The commander said they have also gathered some very interesting military documents from the camps. Some brochures of highly sophisticated military weapons from countries he wouldn’t want to mention. Some are manuals being distributed to soldiers when they are on training. They have got them and are studying them. They also discovered a cyber cafe at Camp 5 where a lot of mails were sent to Journalists. He said the computers are large and because they lack the capacity to study them, he has sent them for further and proper examination and analyses. 

“Also during our search in Tompolo’s house and the building near to it which they said was the king’s palace, in the palace of the king we were able to discover some disturbing pictures and other documents. In the king’s palace we got this picture of an old woman hanged by the neck which we analysed as a sacrifice. The pictures were found in the palace. Sadly, we were able to also find the uniform of one of our missing soldiers, a Lieutenant, with bullet wounds on the legs of the trousers and stains of blood on the uniforms at a shrine in Okerenkoko. We also found the rifle of one of the missing soldiers in the shrine. The body (corpse) was not there.

“We have also discovered some exchanges between a journalist and Tompolo. The journalist wrote to Tompolo and addressed him as ‘The President of Men’ care of Mr. Gbomo Jomo and he sent a magazine to him that had a lot of security implications. I don’t want to mention the name of the magazine or that of the journalist,” he said.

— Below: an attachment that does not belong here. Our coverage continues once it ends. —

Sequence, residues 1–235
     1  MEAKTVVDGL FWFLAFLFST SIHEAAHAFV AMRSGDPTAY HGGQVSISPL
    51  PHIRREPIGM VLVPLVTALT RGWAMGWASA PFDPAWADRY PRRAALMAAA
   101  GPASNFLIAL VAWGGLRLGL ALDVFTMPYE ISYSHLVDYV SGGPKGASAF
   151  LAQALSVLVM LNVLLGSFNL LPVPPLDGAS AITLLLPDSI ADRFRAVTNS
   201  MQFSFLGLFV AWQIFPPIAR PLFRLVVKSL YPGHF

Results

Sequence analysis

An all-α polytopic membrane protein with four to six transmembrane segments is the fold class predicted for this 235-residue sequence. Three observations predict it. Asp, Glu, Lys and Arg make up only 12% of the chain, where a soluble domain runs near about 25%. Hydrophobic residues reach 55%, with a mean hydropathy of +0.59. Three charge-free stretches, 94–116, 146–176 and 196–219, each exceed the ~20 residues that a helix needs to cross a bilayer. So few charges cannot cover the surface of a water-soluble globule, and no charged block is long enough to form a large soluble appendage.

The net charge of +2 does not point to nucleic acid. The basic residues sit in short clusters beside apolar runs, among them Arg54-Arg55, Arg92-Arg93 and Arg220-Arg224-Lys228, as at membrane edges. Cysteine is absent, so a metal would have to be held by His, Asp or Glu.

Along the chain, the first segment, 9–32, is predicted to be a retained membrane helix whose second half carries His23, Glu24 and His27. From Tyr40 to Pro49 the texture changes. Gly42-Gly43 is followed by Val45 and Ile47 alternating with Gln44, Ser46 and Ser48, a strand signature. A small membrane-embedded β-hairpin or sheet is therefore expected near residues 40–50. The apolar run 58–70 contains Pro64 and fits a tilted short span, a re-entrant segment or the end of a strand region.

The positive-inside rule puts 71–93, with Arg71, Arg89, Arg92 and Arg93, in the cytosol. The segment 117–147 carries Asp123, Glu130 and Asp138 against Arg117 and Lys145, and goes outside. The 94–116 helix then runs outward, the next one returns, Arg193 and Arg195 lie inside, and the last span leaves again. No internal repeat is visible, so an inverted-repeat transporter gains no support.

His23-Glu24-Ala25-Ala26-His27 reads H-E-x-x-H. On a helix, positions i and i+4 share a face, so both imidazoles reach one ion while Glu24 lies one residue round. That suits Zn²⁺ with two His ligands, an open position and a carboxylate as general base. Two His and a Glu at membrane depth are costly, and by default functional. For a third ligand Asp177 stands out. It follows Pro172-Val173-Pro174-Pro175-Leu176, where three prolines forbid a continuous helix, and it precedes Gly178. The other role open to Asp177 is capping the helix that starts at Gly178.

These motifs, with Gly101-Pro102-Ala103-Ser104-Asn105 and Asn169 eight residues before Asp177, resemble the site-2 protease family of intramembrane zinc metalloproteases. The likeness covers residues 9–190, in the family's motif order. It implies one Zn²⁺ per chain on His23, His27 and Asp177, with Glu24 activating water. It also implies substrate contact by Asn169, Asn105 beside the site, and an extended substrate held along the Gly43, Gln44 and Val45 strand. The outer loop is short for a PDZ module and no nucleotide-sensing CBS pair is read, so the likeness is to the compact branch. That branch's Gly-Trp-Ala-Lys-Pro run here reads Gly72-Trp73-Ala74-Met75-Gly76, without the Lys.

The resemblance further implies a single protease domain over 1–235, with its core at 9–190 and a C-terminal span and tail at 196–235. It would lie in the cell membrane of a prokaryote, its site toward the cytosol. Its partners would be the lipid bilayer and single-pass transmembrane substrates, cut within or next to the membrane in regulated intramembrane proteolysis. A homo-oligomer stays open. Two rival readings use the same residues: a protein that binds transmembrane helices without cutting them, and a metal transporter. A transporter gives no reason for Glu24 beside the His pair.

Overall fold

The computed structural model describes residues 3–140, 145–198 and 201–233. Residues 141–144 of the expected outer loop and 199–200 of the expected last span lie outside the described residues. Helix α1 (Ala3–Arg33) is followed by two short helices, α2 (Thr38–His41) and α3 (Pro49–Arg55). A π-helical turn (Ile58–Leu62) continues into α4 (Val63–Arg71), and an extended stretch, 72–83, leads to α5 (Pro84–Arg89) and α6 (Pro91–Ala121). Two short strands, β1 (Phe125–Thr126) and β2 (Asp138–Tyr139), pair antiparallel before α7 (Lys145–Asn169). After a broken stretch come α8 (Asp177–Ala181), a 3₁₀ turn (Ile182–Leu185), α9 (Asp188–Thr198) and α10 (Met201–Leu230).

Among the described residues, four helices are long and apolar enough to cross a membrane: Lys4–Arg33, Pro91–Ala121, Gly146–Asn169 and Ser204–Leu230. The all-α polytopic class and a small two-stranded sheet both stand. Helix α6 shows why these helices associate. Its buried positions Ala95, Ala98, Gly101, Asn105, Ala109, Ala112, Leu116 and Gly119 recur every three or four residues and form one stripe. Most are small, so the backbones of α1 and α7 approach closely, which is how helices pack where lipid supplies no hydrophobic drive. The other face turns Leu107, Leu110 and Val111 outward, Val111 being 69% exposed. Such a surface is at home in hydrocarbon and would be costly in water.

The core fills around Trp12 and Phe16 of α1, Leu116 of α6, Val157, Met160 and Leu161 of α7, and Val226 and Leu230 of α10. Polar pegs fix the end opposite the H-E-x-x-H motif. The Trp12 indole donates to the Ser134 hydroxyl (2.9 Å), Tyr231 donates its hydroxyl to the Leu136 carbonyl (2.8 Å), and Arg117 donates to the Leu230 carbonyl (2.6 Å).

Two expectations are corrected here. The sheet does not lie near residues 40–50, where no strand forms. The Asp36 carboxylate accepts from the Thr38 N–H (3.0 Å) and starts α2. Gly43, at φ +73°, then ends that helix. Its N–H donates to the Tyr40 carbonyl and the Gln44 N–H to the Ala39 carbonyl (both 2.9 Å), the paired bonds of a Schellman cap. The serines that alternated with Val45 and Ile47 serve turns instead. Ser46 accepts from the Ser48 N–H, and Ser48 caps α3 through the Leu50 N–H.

On the source of funding of the militants from the military perspective, General Bello said it was through illegal bunkering. From what I have been able to see in Warri axis, bunkering activity is unique compared to what you have in other parts of the Niger-Delta. The level of oil bunkering going on here in Warri axis around Camp 5, Okerenkoko and around the Gbaramatu kingdom is terrible. From the clear picture I have been able to see on the amount of bunkering activities going on in Delta state, I think is more than the bunkering going on in other parts of Nigeria put together.

“I believe with the influence Tompolo wields in that region, one of his sources of funding is from bunkering. In any case, I had an occasion to debrief a foreigner, a European that was kidnapped and kept at camp 5 and some of the information I got from him were revealing. I was in Port-Harcourt when I interviewed him in 2008. He (the European) told me that he was actually kidnapped by the militants and taken to camp 5. I asked him if the militants were connected to some foreigners and he said, yes.

“He told me that where he was kept was close to a radio room (radio message room). One day he was hearing the militants’ radio or Tompolo’s radio talking to a foreign ship and the radio operator was telling the foreign ship to come nearer, that they had the stock (crude oil) for him. He even knew the nationality of the captain of the ship talking to the militants from his accent. I cannot, for obvious reasons, disclose it here. There is a lot of oil bunkering going on there and it is a common fact that there are a lot of foreign partnerships. It is also a common knowledge that he is the most well endowed militants’ leader in terms of resources in the region. He has more boats, more arms, and more wherewithal than any militant leader. These are common knowledge,” he said.